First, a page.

The “federal overreach” argument used by Common Core opponents is quite perplexing, not only because some claims are so wildly exaggerated, but also because they all but ignore (and thereby excuse) actual and obvious examples of overreach with much larger potential consequences for federalism. If the Common Core debate is truly just a principled stand for states’ rights, why haven’t we heard a word about the specific requirements on school turnaround or teacher quality within the Race to the Top competition? Where was the conservative backlash against the clear disrespect shown to...

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On Tuesday, November 19, I gave the keynote speech at the American Center for School Choice event tied to the release of the report of its Commission on Faith-based Schools. The following is the text (edited for length) as it was prepared.

Thank you so much for having me here today. I truly am honored to have the chance to talk to such a distinguished group of leaders about a subject that I care about so deeply.

OK, OK, I know that’s how all speakers begin. But I actually do mean it this time. Certainly not when I say it other times—but definitely this time!

During my career I’ve bounced between government service and the nonprofit world, where I spend the bulk of my time researching and writing. And whether I’m wearing my bureaucrat hat or my think-tank hat, I make sure to devote some of my energy to trying to preserve inner-city faith-based schools serving low-income kids.

Be forewarned: This next section is going to come across as gallingly self-serving. I promise it’s only half gallingly self-serving; there’s another purpose for the rest of it.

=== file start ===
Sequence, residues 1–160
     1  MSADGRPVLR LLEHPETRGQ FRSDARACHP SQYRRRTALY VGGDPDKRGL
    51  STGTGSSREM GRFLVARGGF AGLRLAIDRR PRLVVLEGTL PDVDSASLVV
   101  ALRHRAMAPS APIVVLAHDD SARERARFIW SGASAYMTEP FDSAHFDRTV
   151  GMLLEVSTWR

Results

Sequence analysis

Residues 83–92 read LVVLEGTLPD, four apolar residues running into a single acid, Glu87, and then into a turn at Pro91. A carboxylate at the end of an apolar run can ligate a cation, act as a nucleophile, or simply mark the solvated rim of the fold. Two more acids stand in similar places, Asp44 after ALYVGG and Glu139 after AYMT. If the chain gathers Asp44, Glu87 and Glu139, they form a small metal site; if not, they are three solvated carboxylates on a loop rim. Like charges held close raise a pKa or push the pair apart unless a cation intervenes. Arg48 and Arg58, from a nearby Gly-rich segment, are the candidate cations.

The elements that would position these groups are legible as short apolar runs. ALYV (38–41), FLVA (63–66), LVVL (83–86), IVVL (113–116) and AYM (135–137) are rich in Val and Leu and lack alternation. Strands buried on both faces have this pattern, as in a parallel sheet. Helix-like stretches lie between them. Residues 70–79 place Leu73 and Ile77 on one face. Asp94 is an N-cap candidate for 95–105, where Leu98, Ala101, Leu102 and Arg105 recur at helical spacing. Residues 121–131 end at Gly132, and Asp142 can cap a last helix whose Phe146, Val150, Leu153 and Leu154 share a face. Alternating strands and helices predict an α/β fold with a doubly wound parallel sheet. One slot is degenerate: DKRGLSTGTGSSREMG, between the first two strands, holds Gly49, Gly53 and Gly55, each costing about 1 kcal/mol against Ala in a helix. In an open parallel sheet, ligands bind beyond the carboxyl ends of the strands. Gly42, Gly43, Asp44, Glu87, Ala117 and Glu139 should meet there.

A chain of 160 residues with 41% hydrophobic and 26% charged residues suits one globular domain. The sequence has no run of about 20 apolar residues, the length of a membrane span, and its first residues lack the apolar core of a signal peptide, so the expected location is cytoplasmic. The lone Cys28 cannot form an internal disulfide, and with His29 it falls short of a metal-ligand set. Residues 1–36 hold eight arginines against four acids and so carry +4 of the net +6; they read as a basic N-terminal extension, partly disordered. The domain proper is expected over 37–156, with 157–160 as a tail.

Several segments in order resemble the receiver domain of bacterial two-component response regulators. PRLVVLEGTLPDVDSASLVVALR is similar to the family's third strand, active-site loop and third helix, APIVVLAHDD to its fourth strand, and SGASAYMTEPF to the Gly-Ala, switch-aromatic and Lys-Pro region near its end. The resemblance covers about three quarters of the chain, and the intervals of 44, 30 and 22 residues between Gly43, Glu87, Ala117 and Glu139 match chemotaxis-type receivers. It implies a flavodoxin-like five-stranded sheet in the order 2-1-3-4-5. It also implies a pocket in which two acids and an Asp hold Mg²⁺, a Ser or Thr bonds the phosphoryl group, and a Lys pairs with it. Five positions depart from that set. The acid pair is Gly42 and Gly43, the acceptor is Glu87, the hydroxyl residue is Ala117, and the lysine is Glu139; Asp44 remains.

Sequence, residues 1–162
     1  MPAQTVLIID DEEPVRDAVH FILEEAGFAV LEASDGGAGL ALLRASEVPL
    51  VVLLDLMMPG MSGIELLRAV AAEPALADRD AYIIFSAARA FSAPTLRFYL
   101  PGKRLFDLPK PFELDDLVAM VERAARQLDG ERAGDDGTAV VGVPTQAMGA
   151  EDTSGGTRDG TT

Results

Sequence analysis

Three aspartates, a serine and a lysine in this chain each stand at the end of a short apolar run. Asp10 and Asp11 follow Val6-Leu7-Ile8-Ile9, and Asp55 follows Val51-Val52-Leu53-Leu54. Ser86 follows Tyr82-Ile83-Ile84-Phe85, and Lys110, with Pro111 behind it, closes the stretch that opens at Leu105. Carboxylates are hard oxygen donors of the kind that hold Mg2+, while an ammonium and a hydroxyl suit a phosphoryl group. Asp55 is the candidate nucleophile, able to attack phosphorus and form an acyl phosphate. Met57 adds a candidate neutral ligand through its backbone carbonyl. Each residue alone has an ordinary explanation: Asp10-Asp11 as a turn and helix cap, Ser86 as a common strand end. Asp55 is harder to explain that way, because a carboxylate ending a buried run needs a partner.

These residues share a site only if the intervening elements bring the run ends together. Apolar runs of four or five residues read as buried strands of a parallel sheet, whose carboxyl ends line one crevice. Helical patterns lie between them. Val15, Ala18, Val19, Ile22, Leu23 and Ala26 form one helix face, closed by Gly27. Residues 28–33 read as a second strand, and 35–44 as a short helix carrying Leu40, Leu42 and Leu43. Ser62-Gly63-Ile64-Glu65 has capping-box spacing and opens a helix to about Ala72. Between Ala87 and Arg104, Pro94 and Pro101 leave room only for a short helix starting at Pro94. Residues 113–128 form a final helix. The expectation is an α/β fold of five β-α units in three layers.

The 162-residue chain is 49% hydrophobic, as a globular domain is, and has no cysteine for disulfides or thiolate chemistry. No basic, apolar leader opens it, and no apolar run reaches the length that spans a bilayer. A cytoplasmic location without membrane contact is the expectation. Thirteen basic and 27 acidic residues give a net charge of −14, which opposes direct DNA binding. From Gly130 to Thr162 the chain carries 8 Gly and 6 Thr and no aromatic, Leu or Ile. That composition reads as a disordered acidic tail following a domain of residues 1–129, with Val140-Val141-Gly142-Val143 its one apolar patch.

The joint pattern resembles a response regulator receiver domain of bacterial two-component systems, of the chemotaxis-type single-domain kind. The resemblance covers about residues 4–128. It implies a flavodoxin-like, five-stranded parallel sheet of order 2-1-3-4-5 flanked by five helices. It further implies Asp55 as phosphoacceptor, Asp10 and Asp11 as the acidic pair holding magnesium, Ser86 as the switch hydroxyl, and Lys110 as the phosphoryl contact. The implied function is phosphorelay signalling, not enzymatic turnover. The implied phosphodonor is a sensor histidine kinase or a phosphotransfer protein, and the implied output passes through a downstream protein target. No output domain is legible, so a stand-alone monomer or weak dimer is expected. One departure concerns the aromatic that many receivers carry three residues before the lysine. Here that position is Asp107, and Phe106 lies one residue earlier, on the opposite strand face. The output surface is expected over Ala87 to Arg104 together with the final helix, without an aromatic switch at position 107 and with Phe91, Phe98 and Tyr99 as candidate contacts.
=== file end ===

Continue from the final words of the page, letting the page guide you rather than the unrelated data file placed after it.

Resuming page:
I met some of you during my time at the White House when I organized the White House Summit on Inner-city Children and Faith-based Schools. As you might remember, we were even able to get the President himself to speak there.

Incidentally, the young woman who introduced the President—in that picture—graduated from Archbishop Carroll and is...

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It’s silly season for the Common Core debate, and I’m not referring to the latest...

Ever wonder what separates a charter school sponsor (aka authorizer) from a non-profit governing...

The D.C. Charter Board recently released its annual ranking of charter schools in the nation’s...

No matter what side of the ed-policy debate you fall into, getting effective teachers in front...

The early holidays edition

After lamenting the fact that Hanukkah this year falls before black Friday, Dara and Brickman tackle Friedman’s argument against voucher-school accountability, the D.C. Charter Board’s updated rankings, and the brand-new pre-K bill. Amber gets jazzed about last-minute Christmas shopping—and an evaluation of the Reading Recovery program.

Amber's Research Minute

Evaluation of the i3 Scale-up of Reading Recovery by Henry May, et al., (New York: Consortium for Policy Research in Education, August 2013).

Common Core & Curriculum Controversies

Does three times four equal eleven? Will "fuzzy math" leave our students two years behind other countries? Will literature vanish from the English class? Is gifted-and-talented education dying? A barrel of rumors and myths about curriculum has made its way into discussions of the Common Core...

The early holidays edition

After lamenting the fact that Hanukkah this year falls before black Friday, Dara and Brickman tackle Friedman’s argument against voucher-school accountability, the D.C. Charter Board’s updated rankings, and the brand-new pre-K bill. Amber gets jazzed about last-minute Christmas shopping—and an evaluation of the Reading Recovery program.

Amber's Research Minute

Evaluation of the i3 Scale-up of Reading Recovery by Henry May, et al., (New York: Consortium for Policy Research in Education, August 2013).

The D.C. Charter Board recently released its annual ranking of charter schools in the nation’s capital, showing that one-third of the schools it sponsors deserve a top-performing, or Tier 1, status. Five schools attained Tier 1 status for the first time this year, bringing the total number of high flyers to twenty-three among sixty-eight that were ranked (at least four schools dropped from Tier 1 status to Tier 2 this year). Most schools were in the middle, and eight dwelled at the bottom, where they risk getting shut down. Still, hurrah for the progress the Board can claim. And hurrah for D.C. kids, who can enjoy the fruits of this endeavor.